Dynamic Plastic Deformation of Deepwater Steel Catenary Risers Under Extreme Cyclic Compressive Loading
Steel catenary risers (SCRs) on a large-heave-motion vessel are susceptible to compression in the riser touchdown zone (TDZ). Dynamic compression can lead to overstress under extreme or abnormal weather conditions. The response of an SCR under compression is highly nonlinear and sensitive to various factors. However, the current available industry design codes and practices do not provide a clear guidance to address the acceptability of compression, overstress, and the resulting plastic strains. In addition, the current analysis method used in industry common practice cannot capture accurately the nonlinear behavior of an SCR involving accumulated plastic deformation, hysteresis effects, and local buckling.
In this paper, a finite-element-analysis modeling method that uses combined beam and solid elements is presented. This method enables simulation of large plastic deformation, pipe ovality, and local pipe buckling in the TDZ of a deepwater SCR. The model is developed with Abaqus (Dassault Systèmes 2009). The SCR non- linear response is examined through dynamic analysis of a deep- water SCR that is hung from a semisubmersible. The key analysis results are compared with a nonlinear beam-element model. More- over, dynamic-ratcheting analysis under multiple plastic-strain cycles by use of the proposed solid-riser model is conducted to understand the plastic-strain accumulation and to check the acceptability of the survival response of a deepwater SCR under a series of severe hurricanes in its service life.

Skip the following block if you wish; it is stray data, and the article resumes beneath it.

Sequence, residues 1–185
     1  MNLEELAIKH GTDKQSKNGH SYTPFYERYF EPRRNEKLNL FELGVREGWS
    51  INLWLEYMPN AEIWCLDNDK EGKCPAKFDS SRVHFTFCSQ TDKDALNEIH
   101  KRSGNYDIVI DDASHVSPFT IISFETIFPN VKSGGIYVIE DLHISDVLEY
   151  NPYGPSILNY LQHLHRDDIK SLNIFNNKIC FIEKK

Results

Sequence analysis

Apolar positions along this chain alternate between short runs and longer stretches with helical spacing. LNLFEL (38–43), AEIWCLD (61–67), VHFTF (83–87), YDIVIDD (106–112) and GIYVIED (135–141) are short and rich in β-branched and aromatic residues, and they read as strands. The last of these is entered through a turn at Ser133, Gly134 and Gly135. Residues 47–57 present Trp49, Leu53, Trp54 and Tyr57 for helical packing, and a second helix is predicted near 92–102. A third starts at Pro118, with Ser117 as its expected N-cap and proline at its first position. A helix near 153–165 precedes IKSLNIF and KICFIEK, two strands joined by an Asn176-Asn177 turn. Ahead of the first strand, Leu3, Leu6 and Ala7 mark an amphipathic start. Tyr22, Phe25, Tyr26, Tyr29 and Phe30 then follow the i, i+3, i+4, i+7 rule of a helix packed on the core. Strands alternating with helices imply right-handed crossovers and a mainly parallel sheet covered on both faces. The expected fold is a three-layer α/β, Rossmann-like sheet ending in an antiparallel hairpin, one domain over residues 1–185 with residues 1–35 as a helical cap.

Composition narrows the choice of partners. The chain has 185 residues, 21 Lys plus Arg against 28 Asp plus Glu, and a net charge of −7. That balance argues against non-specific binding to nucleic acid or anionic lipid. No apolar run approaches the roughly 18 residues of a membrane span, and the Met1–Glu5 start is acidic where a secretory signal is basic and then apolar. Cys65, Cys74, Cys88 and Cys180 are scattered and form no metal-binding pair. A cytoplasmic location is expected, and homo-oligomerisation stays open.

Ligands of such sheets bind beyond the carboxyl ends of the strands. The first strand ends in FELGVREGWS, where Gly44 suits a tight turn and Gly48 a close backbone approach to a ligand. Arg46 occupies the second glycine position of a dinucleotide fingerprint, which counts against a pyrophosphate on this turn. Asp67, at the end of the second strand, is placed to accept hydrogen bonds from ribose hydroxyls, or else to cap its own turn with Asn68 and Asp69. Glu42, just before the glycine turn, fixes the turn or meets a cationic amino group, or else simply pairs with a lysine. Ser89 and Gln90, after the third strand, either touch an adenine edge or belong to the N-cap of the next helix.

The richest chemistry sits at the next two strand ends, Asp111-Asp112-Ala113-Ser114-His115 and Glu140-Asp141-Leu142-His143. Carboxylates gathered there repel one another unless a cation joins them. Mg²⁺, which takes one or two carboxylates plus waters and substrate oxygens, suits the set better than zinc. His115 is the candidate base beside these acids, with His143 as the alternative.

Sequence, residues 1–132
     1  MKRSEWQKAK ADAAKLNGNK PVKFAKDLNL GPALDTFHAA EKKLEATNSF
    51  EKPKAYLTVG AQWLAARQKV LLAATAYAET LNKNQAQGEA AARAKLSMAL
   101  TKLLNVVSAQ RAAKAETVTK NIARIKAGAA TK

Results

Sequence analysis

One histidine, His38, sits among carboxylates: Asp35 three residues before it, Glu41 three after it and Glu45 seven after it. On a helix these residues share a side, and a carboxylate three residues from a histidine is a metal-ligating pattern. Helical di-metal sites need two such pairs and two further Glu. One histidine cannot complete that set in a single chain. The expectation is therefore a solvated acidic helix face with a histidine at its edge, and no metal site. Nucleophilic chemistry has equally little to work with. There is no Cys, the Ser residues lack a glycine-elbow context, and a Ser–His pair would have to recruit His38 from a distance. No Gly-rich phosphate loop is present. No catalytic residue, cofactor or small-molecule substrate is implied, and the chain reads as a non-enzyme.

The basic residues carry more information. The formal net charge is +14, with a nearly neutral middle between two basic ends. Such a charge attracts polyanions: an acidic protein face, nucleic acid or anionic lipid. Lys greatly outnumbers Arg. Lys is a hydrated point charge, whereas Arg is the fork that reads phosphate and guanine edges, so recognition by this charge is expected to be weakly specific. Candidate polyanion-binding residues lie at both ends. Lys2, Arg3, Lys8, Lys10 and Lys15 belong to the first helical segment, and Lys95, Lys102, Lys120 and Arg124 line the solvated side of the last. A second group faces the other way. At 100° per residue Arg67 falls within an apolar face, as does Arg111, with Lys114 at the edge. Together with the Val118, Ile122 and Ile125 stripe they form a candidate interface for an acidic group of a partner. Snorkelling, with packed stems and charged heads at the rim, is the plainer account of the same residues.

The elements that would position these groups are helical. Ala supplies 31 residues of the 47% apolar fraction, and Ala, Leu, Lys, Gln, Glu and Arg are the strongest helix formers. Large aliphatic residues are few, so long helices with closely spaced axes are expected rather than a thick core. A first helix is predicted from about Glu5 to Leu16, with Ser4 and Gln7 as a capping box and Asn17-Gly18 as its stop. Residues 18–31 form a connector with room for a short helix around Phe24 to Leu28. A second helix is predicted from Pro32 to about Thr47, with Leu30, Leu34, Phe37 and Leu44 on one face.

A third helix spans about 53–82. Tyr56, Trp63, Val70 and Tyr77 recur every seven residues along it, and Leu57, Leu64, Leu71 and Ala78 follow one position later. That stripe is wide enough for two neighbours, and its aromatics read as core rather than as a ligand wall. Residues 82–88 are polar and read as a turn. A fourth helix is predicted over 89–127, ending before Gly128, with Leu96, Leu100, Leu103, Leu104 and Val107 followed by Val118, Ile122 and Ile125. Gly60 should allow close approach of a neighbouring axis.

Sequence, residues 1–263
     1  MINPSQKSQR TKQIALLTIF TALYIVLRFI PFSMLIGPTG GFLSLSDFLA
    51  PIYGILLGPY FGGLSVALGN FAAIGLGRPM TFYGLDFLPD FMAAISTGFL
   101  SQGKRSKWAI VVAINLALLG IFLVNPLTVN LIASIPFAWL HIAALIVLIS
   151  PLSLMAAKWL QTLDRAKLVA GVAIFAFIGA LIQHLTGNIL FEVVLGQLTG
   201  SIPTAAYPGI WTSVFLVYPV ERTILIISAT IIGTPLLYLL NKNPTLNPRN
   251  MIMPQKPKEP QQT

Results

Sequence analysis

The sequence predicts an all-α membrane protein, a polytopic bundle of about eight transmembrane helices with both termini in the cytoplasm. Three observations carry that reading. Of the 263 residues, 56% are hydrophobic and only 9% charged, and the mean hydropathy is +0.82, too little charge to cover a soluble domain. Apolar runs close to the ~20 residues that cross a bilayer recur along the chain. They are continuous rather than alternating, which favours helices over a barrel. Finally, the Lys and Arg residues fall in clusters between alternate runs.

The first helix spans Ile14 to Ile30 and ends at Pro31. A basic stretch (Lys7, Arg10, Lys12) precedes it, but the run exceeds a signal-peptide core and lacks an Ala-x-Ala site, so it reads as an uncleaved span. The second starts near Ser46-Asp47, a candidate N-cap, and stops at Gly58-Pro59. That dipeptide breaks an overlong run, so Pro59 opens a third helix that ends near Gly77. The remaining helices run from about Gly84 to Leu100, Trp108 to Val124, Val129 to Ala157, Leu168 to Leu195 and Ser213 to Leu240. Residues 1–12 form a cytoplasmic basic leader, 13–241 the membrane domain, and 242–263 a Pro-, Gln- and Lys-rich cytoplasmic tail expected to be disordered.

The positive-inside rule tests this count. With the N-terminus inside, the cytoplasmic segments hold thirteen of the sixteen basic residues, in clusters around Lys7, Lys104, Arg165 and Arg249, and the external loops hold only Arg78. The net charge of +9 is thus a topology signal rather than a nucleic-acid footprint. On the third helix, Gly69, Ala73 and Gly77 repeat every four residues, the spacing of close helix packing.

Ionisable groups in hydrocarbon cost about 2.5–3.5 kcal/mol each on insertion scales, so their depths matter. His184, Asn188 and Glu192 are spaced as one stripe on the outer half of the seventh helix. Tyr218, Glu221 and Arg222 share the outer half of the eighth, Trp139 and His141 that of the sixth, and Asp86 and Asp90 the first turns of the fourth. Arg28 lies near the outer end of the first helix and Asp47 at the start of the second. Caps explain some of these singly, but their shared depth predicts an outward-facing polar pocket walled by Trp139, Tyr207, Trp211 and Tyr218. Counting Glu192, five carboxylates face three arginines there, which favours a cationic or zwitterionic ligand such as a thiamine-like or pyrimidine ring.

This paper presents the methodology for evaluating the compression and plastic deformation that could be experienced by deepwater SCRs, including the modeling approach, analysis results, possible failure modes, and conclusions. The impact of the study findings on the robustness and suitability of SCRs for deepwater application is discussed.
Water Outside the Permian: How Are Other Basins Handling the Volumes?
The Permian gets the lion’s share of attention when it comes to produced water, but other basins have a need to haul volumes off-site. How has the market changed in these areas recently? Is there a greater enthusiasm for pipelines, and can water midstream thrive?
New Pipelines Needed to Meet Surge in Permian Crude Demand
Growing supply of Permian crude oil means the basin will need extra takeaway capacity of up to 500,000 B/D by the end of the 2020s, according to new research from Wood Mackenzie.
McDermott Completes First Installation Campaign for R-Cluster Project Offshore India
Completion comes despite two cyclones disrupting the project area during installation, McDermott said.
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